A Successful Patient Transfer

MEDICAL ANECDOTAL REPORT
Indexing Title: MESANICO’S MAR [15-04]
MAR Title: A Successful Patient Transfer
Date of Medical Observation: October 2015
Tag: Patient’s recovery after being transferred to a different institution
Category: Professional / Ethical – Reinforcement
 
Narration:
About 6 months ago we received a 47-year-old male at the Emergency Room who sustained a lacerated wound on his right arm secondary to contact with a grinding machine. The injury was so severe that we immediately brought the patient to the Operating Room to do surgery. Upon examining the wound we saw that aside from extensive tear on the muscles of his right arm, we also noted that the brachial artery had been transected. After approximately 4 hours of attempting to repair the blood vessel and failed, we decided that would be better to transfer the patient to a different institution unfortunately, to one with more adept physicians with experience on our present case. We were able to coordinate the patient to another government institution and the transfer was completed within an hour. Days and weeks had passed and I had not been able to follow-up on the outcome of the patient, up until I had my rotation at that same government institution where we transferred him. I inquired about the patient with my co-resident at the other hospital to which his reply surprised me. It was he himself who attended to our patient, along with a specialized physician with vascular surgery. They were able to repair the injury and that the patient had made a full recovery and was discharged a week after. I felt relieved and very grateful for what he had done and told him casually that if ever such a case would be encountered again that I would contact him. 
                                                                                   
Insight:
(Physical, Psychosocial, Professional / Ethical)
(Discovery, Stimulus, Reinforcement)
 
Being in one of the main hospitals and at the center of Metro Manila, we attend to a vast number of patients every day, from those patients with simple lacerations or other physical injuries, to those diagnosed with acute appendicitis needing surgical operation right away. Ideally, we are tasked to treat all these patients, give them high quality and immediate medical attention. However not all may be fortunate to receive such treatment. There may be occasions where a sheer number of patients are currently being seen at the Emergency Room. Another may be due to a long queue for operation, leading to delay in treatment and possible complications. For such instances, sometimes the best option for these patients may be to transfer to a different institution where they can be seen and assessed immediately, avoiding delay of any needed treatment. We can offer to these patients to coordinate their transfer, which may give us the opportunity to follow-up on the current status of the patient and lead to a more immediate course of medical attention as compared to if the patient were to transfer from one hospital, where he or she may possibly be not accepted right away, to another hospital by themselves. Transferring patients to a different hospital may be in the best interest of the patient. As long as we are able to facilitate it properly and explain the process to both the patient and his relatives completely then we can consider this as doing more aid than harm.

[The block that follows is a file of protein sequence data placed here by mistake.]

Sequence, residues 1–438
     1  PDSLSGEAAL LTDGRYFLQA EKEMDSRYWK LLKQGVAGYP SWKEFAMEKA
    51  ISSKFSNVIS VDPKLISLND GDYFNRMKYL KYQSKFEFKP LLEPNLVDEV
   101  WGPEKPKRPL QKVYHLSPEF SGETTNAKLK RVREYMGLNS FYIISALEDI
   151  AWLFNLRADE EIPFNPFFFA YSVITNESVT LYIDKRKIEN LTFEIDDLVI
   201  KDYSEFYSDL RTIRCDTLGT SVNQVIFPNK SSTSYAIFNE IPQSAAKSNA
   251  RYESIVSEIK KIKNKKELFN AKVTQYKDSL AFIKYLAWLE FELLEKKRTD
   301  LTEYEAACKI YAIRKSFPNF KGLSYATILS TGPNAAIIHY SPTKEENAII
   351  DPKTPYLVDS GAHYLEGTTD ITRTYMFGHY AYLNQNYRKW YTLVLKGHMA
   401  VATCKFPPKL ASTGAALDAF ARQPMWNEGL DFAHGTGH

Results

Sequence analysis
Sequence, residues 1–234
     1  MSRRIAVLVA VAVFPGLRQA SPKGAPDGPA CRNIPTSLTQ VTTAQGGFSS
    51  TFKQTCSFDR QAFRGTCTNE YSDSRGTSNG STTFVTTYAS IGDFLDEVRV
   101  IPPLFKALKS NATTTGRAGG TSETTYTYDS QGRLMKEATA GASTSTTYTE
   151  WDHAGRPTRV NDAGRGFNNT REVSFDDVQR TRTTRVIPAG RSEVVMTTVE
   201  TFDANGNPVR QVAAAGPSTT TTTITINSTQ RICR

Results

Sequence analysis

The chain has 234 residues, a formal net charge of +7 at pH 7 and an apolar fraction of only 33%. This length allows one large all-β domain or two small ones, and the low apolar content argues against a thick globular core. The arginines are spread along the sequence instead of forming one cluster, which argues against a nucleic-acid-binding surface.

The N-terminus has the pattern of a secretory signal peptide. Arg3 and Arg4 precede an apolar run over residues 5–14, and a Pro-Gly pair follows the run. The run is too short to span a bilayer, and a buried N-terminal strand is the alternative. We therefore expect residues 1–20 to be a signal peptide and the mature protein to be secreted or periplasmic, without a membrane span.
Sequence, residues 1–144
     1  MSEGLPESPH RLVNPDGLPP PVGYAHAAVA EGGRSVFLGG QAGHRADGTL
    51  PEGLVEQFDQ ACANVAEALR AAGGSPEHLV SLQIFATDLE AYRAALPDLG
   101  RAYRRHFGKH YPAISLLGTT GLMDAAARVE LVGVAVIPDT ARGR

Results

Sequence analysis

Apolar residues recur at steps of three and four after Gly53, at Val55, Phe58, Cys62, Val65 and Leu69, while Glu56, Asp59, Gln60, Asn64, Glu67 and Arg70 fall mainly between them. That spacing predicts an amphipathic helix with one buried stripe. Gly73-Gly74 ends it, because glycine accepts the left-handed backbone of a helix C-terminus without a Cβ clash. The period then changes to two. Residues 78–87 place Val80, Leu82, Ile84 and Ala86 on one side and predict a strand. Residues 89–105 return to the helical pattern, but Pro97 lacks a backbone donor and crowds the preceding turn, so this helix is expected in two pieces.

ROJoson’s Notes (15nov22):
Transferring patients to another hospital is recommended if it will be in the best interest of the patient from the point of view of would-be referring physician.
Some indications consist of the following:
1) The second hospital has the expertise to handle a certain medical condition or situation as cited in the narration;
2) The first hospital lacks a certain diagnostic or treatment equipment needed to manage the patient and if it is to the patient’s best interest (based on the judgement of the would-be referring physician) that the patient should have access to this certain equipment (of course, as long as the patient can afford the entailed expense);
3) There is a long queue in the first hospital in such there will be a significant delay in medical management;
4) There are significant renovation of the first hospital; and
5) There is significant impairment in the quality and patient safety management system in the first hospital.
For continuity of care, at least to show an interest in the patient’s welfare, the referring physician should have a follow-through information on the patient transferred, from feedback from the patient or relatives  and/or from the physicians taking care of the transferred patients.
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